Feedback is a Discovery Mechanism
It's not about you, it's about me
Do you find it hard to give feedback to your teammates? If so, why do you think that is? Is it because you’re not sure how they will react? Is it because you’re afraid of what it might do to your relationship? Would you prefer not to rock that boat? If so, then I’ve got an idea for you - a visualization, if you will. What if you changed your frame of mind to believe that instead of feedback, you were actually investigating … with intent to level set?
That’s right. What if you truly believed the motivation behind feedback was less about improving or making someone else more aware of something and instead, more about you learning about how your teammates think? What if you considered a feedback session as a learning experience for you and not directed at the other person at all? What if providing feedback is really a disguised opportunity to ask questions and learn more about the members of your team? Would that sort of perspective help motivate you to dig in a bit and initiate feedback?
Let’s step back for a moment. Can you remember the last time you were in a situation that you read incorrectly? Maybe you got upset or frustrated when somebody did or said something that didn’t make sense in the immediate context but which, after understanding the situation more completely, you realized you were in fact hasty, ill-informed and quite possibly, wrong? Now consider for a moment, the Prime Directive:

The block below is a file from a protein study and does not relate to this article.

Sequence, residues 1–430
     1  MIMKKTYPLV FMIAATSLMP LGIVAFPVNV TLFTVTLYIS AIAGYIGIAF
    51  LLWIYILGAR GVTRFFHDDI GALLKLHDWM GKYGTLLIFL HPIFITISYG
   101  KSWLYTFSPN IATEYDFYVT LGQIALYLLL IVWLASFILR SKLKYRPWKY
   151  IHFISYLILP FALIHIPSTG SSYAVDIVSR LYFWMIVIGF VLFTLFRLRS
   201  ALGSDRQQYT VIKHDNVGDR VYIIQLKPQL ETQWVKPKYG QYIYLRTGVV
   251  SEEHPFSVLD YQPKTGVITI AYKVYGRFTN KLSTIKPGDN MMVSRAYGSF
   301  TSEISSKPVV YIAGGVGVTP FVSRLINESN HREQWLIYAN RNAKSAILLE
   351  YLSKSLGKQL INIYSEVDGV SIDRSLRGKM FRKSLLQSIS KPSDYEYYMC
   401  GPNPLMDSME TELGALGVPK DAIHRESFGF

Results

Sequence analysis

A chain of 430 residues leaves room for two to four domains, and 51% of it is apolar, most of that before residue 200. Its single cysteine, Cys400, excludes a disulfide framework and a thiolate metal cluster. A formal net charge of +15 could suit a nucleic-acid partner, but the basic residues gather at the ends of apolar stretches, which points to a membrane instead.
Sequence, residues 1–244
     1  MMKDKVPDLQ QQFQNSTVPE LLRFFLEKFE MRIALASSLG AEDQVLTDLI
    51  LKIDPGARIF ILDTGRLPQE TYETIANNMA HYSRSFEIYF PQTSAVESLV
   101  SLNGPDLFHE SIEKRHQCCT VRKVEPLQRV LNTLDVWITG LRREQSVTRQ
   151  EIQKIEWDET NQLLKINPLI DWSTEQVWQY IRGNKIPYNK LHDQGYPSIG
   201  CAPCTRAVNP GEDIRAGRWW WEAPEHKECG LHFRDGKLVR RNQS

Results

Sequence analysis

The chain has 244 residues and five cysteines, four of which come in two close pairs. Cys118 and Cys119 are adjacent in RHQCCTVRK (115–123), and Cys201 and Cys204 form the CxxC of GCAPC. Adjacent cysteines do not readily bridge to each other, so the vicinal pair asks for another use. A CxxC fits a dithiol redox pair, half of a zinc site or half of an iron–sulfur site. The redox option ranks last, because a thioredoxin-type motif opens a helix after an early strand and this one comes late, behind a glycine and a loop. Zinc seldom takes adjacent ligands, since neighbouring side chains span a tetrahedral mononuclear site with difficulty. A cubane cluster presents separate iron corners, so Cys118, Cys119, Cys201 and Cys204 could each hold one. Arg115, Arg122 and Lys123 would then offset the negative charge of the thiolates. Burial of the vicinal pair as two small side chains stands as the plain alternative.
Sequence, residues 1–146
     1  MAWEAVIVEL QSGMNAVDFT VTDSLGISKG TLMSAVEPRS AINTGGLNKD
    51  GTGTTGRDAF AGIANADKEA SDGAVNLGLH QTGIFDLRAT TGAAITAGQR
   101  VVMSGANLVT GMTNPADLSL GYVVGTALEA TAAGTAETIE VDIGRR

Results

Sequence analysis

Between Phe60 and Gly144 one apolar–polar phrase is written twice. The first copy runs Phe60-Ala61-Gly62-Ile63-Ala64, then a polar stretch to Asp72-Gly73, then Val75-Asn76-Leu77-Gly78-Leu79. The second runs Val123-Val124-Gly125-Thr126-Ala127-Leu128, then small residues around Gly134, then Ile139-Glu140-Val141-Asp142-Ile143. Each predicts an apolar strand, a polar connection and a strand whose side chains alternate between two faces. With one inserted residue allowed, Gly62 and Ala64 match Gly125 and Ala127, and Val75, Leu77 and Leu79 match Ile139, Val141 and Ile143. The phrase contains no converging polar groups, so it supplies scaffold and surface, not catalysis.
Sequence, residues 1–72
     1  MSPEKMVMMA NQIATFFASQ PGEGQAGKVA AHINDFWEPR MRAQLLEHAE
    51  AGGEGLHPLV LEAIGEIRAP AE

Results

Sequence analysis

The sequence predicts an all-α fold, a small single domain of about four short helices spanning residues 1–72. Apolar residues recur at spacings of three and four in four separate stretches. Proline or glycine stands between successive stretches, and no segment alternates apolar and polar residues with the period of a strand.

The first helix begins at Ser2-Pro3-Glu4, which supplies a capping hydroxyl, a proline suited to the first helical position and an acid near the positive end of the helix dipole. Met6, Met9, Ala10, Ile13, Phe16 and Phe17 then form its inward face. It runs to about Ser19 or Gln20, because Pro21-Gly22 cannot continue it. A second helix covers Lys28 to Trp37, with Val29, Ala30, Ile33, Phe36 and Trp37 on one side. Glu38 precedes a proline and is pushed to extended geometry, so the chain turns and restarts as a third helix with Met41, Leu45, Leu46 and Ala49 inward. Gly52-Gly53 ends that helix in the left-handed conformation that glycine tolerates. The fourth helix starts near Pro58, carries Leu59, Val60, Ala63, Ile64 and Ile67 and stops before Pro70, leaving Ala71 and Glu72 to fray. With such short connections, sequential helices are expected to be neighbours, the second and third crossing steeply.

Regardless of what we discover, we understand and truly believe that everyone did the best job they could, given what they knew at the time, their skills and abilities, the resources available, and the situation at hand.
So, what if - when you see behavior that you don’t immediately understand or agree with it, you consider it a gift? What if you use those situations as forcing functions for you to reach out and engage in level setting conversations with your teammates? Not with intention to criticize or change but with an objective for you to learn, to have your eyes opened, to see what you missed.
At the end of the day, this approach is predicated on the idea of Humility, Trust, and Shared Understanding. Instead of thinking of feedback as an attempt to improve someone else, go in with the expectation that you got it wrong and in fact, it is your understanding that needs to be improved.
Feedback. It’s not about them, it’s about you.
What do you think? Give me some feedback if you have a chance!